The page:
Greg Johnson is a personal finance and frugal travel expert who leveraged his online business to quit his 9-5 job, spend more time with his family, and travel the world. With his wife Holly, Greg co-owns two websites – Club Thrifty and Travel Blue Book. The couple has also co-authored a book, Zero Down Your Debt: Reclaim Your Income and Build a Life You'll Love. Find him on Instagram, Facebook, and Twitter @ClubThrifty.

Hi Elna, thank you so much for sharing!!! I have recently become interested with the idea of freelance-writing. Most of the things I have written, are in story form, and have never been read by anyone out side of my close group of friends. However, I have always been told that I have a gift, and I do enjoy writing. So, I thought, maybe, I’d try getting free-lance writing a shot. Thank you so much for these great tips!
I absolutely love this article Elna. Thank you so much for providing your top techniques on how to start as a freelance writer. I think I have read so much content from numerous bloggers about writing content, starting blogs, making a living writing, etc. but have not yet come across anything quite like your article. I was already familiar with some of your techniques, but this was only a few. The first thing I am excited to do is take your course. I am a stay at home/work at home wife and mother. I was laid off from my job of 7 years almost 3 years ago and have been struggling with contributing to my household after my last pregnancy. I have written for pleasure most of my life and want to be able to continue being home for my family. I never thought that I would consider cold pitching but the way you put it just makes so much sense. Literally reading your article I was in such awe and had several “A-ha” moments. Again, thank you for sharing.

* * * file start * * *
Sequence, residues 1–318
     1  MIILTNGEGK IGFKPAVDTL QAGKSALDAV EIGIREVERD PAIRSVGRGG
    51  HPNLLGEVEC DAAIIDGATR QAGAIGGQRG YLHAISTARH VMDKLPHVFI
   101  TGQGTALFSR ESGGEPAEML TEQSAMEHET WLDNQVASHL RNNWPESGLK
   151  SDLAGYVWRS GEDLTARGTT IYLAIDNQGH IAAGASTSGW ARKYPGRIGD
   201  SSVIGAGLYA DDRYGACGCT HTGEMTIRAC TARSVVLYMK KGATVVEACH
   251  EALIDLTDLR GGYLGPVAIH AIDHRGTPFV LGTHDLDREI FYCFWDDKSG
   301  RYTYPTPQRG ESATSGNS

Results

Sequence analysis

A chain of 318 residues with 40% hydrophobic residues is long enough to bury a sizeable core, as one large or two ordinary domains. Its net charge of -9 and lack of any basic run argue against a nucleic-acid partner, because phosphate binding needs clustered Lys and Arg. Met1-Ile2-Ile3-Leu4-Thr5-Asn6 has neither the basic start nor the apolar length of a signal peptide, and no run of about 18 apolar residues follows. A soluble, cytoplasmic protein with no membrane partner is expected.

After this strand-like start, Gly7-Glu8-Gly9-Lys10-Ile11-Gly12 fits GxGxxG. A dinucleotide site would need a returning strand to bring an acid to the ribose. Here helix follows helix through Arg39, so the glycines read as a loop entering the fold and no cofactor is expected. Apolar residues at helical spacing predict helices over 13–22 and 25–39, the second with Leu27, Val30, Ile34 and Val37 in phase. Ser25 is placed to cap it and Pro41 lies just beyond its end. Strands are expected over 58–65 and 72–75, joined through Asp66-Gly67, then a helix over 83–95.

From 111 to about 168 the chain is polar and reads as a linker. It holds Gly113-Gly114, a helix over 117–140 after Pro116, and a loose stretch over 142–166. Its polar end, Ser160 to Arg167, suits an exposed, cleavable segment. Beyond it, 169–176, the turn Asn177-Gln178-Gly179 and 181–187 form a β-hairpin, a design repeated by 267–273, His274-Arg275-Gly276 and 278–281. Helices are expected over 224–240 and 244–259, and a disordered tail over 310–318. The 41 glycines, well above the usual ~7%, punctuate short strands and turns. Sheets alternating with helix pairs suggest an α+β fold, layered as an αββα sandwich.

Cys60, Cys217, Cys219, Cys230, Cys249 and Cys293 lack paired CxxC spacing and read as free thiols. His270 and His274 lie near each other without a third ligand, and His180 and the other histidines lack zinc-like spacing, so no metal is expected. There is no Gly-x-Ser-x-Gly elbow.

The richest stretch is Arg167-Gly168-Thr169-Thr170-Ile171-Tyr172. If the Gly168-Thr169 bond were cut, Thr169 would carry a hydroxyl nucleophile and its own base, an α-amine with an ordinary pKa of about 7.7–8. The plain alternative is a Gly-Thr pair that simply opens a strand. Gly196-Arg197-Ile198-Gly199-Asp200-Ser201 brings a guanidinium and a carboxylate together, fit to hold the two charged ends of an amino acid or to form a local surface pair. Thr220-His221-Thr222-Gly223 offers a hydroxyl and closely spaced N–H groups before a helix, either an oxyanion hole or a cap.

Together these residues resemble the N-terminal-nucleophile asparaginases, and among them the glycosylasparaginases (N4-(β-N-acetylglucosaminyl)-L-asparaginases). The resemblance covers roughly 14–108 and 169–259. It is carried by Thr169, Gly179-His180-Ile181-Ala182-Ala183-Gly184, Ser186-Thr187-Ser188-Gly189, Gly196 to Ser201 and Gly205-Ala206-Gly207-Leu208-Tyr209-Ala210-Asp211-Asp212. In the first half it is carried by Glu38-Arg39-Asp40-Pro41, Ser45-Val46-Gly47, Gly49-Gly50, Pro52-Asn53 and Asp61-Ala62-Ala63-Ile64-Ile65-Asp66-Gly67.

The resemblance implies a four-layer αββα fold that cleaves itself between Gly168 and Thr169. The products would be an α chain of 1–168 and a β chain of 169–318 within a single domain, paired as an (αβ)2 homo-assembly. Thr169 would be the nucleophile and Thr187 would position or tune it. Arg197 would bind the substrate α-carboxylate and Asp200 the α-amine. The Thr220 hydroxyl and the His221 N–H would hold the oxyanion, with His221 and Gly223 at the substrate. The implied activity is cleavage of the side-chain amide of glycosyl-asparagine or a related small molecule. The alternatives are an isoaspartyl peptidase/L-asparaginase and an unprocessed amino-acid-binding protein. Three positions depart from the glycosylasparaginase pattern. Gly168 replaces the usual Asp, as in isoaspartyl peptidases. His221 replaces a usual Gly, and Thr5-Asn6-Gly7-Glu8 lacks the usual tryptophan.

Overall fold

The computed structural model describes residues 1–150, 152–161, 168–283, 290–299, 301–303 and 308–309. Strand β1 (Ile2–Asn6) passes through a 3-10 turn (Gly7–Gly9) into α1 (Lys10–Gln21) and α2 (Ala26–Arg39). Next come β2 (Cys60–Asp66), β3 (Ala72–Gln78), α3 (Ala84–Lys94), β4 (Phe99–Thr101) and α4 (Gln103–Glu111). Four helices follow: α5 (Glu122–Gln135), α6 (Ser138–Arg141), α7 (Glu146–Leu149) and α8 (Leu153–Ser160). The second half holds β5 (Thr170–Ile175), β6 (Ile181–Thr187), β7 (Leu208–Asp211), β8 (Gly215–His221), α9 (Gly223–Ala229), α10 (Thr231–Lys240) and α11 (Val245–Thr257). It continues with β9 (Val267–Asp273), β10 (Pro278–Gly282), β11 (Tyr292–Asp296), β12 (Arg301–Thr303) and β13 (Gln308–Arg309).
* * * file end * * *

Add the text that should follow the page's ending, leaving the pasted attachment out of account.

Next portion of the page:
Do you find yourself constantly feeling busy? Or, maybe you feel like you have too much on your plate? Perhaps you have a to-do list with no end in sight, or many responsibilities to juggle on a daily basis at work. When you get home, you have household responsibilities to take care of, too, and it just seems like you never have much time for a breather.